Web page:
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F12 Pre-Installation Tasks Dual Boot Options

Department of Electrical and Computer Engineering
Associate Professor Gregory R. Kriehn
F12 Dual Boot Options

Many Linux users these days enjoy the freedom of being able to have multiple operating systems installed on their computer. This is certainly true of myself, especially for my laptop. As a result, I use PartitionMagic to resize the Windows partition to about 50 - 100 GB, move it so that it no longer is at the beginning of the hard drive or acting as the first partition, and use the rest of the hard drive for Linux. If you need background information about Linux partition sizes, particularly for Fedora 12, see the Partition Sizes page.

"Back in the my day", PartitionMagic was pretty much the only way to readily create, delete, re-size, and move Windows, DOS, and Linux partitions that contained existing data on them
— on the fly. This is not entirely true anymore, as gparted and qtparted have been developed for Linux, but gparted and qtparted still cannot resize anything but a Windows partition if the partition has data on it, and they cannot move any type of partition once it has been created and used. Now, it is also true that PartitionMagic cannot move Linux ext3/ext4 partitions anymore either, and I am annoyed to no end that development of PartitionMagic is dead since it was bought out by Microsoft-owned Symantec (surprise, surprise), but hey.  If gparted and qtparted ever get to the point that they can move and resize existing partitions, while still preserving data, I'll jump over and make the switch. In the mean time, I still enjoy PartitionMagic.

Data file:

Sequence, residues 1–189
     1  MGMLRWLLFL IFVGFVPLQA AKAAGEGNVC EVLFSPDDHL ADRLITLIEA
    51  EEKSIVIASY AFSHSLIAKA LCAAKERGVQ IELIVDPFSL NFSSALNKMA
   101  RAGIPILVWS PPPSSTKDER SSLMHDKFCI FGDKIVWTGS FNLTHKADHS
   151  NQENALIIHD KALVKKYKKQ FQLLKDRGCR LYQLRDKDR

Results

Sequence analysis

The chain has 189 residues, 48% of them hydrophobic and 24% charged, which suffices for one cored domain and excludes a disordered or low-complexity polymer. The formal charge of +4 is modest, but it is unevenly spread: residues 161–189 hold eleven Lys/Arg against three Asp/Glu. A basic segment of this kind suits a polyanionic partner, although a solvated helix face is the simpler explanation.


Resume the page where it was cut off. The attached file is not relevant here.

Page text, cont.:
After your partitions have been setup, and once Fedora installs itself onto your computer, a boot loader called grub (the GRand Unified Bootloader), will be installed.  GRUB will allow you to choose which operating system, or Linux kernel, you wish to boot into. Life under GRUB is spectacular
— unlike the old RedHat days when lilo (the LInux LOader) was required. If you set things up incorrectly there, bye bye Windows partition. Bye bye Linux partitions. Bye bye being able to boot into anything. Fun times. Now, it's just install Windows, install Linux, and you're good to go. See the Fedora 12 Installation page for details.